One way or another, I spend a big chunk of my life these days in the company of dogs. To begin with, I share my home with Lucy, a fourteen-year old dog who has always operated with a total disregard for household rules. And while old age means she can no longer move as quickly or hear as well as she used to, I still walked into our dining room shortly after we had finished this year’s Easter brunch to find her standing calmly on our dining room table, polishing off the rest of the dessert tray. Just for the record, she seemed to favor the little egg-shaped cakes over the lemon squares, although it was obvious that she had sampled both. She may be old, but she still knows an opportunity when she sees it.
Besides living with Lucy, I often help take care of my children’s dogs, which I’m more than happy to do. My daughter and her husband have Harley, a chihuahua mix who adores her immediate circle of friends and family and has absolutely no use for anyone else. In her own home, she’s happy to simply ignore people she doesn’t like, but walking her is a challenge. She may love her walks, but she also loves barking at anyone and anything she sees, and flies into an absolute rage when she spots an approaching car. It doesn’t seem to occur to her that five pounds of furious dog is no match for a thousand pounds of moving steel, and I’m not about to let her learn that lesson the hard way.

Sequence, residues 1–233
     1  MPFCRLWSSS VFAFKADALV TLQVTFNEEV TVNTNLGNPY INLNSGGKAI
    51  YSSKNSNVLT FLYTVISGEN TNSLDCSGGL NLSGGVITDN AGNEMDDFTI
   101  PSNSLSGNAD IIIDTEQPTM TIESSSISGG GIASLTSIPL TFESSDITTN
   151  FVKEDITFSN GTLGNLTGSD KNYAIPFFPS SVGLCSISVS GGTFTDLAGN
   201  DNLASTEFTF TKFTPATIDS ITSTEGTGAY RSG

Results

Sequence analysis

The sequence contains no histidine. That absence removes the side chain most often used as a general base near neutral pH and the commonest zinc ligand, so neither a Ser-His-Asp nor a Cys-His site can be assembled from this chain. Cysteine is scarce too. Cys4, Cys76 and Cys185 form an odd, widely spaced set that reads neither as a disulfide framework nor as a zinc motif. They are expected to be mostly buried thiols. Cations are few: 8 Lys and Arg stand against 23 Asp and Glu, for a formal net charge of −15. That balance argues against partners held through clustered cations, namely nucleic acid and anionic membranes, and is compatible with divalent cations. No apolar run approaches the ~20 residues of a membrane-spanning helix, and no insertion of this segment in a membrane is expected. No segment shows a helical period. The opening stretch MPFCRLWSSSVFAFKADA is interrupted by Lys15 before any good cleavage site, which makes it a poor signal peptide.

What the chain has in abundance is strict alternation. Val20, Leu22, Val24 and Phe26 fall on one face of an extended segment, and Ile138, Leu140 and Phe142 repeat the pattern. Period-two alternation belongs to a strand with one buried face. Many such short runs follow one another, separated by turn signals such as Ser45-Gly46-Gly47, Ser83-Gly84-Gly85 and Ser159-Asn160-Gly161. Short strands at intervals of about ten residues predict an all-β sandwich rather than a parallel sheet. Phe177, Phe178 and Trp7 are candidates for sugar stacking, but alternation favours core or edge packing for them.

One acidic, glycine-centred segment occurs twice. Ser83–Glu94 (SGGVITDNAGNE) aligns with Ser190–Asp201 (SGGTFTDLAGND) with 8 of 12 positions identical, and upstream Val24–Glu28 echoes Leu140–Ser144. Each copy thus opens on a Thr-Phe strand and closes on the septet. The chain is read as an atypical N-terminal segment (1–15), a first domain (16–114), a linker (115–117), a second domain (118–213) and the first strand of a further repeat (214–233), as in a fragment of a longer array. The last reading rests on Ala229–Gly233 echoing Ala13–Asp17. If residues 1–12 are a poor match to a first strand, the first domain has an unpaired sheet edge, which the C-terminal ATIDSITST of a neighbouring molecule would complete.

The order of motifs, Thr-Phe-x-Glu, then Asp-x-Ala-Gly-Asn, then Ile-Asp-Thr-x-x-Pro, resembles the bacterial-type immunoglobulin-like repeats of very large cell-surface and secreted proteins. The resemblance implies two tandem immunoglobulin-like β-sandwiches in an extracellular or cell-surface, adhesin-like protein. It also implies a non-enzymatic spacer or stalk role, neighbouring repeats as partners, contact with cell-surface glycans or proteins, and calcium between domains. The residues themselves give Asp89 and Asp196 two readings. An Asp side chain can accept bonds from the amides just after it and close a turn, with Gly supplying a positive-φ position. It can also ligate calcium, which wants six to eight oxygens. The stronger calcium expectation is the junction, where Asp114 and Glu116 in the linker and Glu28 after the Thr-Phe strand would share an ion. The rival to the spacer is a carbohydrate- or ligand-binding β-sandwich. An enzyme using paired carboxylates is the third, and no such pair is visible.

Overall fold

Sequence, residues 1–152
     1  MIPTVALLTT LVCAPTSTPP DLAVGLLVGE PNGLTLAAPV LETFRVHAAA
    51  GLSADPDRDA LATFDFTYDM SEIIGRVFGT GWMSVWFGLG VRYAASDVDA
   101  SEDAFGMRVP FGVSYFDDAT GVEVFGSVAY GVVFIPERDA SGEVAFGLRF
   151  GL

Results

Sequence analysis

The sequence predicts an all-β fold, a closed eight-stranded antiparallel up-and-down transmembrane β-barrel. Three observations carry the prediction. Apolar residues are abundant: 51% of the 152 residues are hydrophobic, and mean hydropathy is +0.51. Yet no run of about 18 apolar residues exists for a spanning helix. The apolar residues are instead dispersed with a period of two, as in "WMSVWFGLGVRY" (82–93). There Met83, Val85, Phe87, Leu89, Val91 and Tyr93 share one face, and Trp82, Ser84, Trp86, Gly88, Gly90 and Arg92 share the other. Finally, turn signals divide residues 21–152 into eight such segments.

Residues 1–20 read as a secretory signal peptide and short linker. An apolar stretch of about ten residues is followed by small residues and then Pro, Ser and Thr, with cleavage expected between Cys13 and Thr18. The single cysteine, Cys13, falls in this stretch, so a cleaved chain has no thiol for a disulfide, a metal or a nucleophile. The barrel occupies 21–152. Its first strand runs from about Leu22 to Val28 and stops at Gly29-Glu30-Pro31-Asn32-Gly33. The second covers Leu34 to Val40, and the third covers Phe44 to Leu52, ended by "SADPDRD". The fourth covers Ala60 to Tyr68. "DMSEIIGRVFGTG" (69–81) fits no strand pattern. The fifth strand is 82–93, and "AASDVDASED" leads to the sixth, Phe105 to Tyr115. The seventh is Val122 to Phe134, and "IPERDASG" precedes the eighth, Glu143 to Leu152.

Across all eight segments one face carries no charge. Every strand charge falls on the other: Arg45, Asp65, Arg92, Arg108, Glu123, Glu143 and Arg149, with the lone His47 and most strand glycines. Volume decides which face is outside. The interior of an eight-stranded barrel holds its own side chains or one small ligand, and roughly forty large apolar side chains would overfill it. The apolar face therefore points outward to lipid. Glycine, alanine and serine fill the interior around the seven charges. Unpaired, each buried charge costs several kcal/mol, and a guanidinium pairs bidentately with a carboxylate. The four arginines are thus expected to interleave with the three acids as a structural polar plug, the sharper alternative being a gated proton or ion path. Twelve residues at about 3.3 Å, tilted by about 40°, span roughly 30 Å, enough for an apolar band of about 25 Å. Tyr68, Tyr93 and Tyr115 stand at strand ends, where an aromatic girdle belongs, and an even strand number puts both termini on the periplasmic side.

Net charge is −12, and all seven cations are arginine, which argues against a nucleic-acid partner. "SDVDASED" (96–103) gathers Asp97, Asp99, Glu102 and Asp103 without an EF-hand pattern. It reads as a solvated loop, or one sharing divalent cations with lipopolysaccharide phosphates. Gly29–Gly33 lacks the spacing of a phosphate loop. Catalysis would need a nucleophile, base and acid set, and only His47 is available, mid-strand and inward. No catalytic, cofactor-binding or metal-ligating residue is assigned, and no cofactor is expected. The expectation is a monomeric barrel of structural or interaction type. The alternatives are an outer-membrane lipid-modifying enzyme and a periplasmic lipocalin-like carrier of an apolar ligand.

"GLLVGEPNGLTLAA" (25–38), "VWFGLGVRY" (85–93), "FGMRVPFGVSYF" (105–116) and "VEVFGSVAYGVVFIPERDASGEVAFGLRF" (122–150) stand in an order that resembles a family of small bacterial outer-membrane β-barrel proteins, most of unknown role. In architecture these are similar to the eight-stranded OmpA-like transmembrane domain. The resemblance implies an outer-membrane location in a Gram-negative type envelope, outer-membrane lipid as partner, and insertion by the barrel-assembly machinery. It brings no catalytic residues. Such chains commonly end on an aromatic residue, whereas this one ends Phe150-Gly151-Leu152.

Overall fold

My son and his fiancé have Frank, a pug mix, and Roxy, an English Bulldog. I know Frank well since he lived with us for a while right after my son graduated from college, and have come to love Roxy, too. Roxy and Frank have become good friends in the past couple of years, although there have been a few necessary adjustments. Unlike most dogs, Frank loves to wear sweaters (probably because he doesn’t tolerate the cold very well), but Roxy has a problem with that. One cold December morning, my son sent the dogs outside with Frank proudly sporting a brand-new Christmas sweater. Ten minutes later, the dogs came back in. Frank was wearing only his fur, while Roxy had Frank’s Christmas sweater dangling from her teeth. Clearly, Roxy is a dog who knows how to take matters into her own paws, and Frank has learned to live without sweaters.
My mother has Penny, a sweet and elderly chihuahua who was rescued from a hoarding situation about nine years ago, which means that altogether, my immediate family has five dogs. I spend time with all of them, trimming nails and filling in as needed for potty breaks, walks and meals. For the past fourteen years, I have also been volunteering regularly at the Humane Society where I have logged in hundreds of miles walking shelter dogs. I’ve spent hours patiently coaxing a shy dog out of its run, or working to teach a rowdy dog basic manners, or trying to calm a dog who is clearly stressed out.
Although I’ve always loved dogs, I honestly don’t think I ever planned to have quite so much of my life revolve around them. There was a time when I toyed with the idea of being a veterinarian or a vet tech, but my habit of fainting at the sight of blood sort of ruled that out. Still, I can’t say I’m unhappy with the way things have turned out. It’s true that in some ways, my life has certainly “gone to the dogs,” but as far as I’m concerned, they’re worth it.